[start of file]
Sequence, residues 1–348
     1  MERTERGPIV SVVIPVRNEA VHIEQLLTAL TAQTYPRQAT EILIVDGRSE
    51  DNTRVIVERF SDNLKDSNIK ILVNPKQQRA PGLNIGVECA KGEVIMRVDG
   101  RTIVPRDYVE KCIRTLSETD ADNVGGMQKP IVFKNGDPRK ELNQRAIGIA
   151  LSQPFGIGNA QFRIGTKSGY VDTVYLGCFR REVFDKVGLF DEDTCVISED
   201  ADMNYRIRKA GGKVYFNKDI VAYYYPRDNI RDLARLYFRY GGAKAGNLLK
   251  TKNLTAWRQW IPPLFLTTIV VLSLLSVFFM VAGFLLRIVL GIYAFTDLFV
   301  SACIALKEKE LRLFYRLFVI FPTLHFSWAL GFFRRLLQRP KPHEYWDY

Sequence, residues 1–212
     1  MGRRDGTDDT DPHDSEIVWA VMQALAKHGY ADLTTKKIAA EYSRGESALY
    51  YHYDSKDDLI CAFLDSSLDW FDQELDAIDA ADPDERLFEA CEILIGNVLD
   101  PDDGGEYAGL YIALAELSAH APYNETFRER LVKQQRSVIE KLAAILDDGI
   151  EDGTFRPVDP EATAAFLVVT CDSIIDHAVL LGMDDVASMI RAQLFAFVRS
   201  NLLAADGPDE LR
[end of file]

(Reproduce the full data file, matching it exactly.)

Sequence, residues 1–348
     1  MERTERGPIV SVVIPVRNEA VHIEQLLTAL TAQTYPRQAT EILIVDGRSE
    51  DNTRVIVERF SDNLKDSNIK ILVNPKQQRA PGLNIGVECA KGEVIMRVDG
   101  RTIVPRDYVE KCIRTLSETD ADNVGGMQKP IVFKNGDPRK ELNQRAIGIA
   151  LSQPFGIGNA QFRIGTKSGY VDTVYLGCFR REVFDKVGLF DEDTCVISED
   201  ADMNYRIRKA GGKVYFNKDI VAYYYPRDNI RDLARLYFRY GGAKAGNLLK
   251  TKNLTAWRQW IPPLFLTTIV VLSLLSVFFM VAGFLLRIVL GIYAFTDLFV
   301  SACIALKEKE LRLFYRLFVI FPTLHFSWAL GFFRRLLQRP KPHEYWDY

Sequence, residues 1–212
     1  MGRRDGTDDT DPHDSEIVWA VMQALAKHGY ADLTTKKIAA EYSRGESALY
    51  YHYDSKDDLI CAFLDSSLDW FDQELDAIDA ADPDERLFEA CEILIGNVLD
   101  PDDGGEYAGL YIALAELSAH APYNETFRER LVKQQRSVIE KLAAILDDGI
   151  EDGTFRPVDP EATAAFLVVT CDSIIDHAVL LGMDDVASMI RAQLFAFVRS
   201  NLLAADGPDE LR